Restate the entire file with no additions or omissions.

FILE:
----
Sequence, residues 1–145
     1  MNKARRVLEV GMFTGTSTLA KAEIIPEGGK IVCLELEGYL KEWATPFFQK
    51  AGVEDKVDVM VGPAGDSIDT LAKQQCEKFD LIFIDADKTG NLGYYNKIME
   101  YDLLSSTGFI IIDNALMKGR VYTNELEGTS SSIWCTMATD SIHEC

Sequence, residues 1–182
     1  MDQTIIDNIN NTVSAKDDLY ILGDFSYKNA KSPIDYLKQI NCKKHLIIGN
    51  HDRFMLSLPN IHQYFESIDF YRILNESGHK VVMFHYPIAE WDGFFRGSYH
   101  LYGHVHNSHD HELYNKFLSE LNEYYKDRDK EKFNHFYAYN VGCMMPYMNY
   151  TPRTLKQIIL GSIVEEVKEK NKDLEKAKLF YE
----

Sequence, residues 1–145
     1  MNKARRVLEV GMFTGTSTLA KAEIIPEGGK IVCLELEGYL KEWATPFFQK
    51  AGVEDKVDVM VGPAGDSIDT LAKQQCEKFD LIFIDADKTG NLGYYNKIME
   101  YDLLSSTGFI IIDNALMKGR VYTNELEGTS SSIWCTMATD SIHEC

Sequence, residues 1–182
     1  MDQTIIDNIN NTVSAKDDLY ILGDFSYKNA KSPIDYLKQI NCKKHLIIGN
    51  HDRFMLSLPN IHQYFESIDF YRILNESGHK VVMFHYPIAE WDGFFRGSYH
   101  LYGHVHNSHD HELYNKFLSE LNEYYKDRDK EKFNHFYAYN VGCMMPYMNY
   151  TPRTLKQIIL GSIVEEVKEK NKDLEKAKLF YE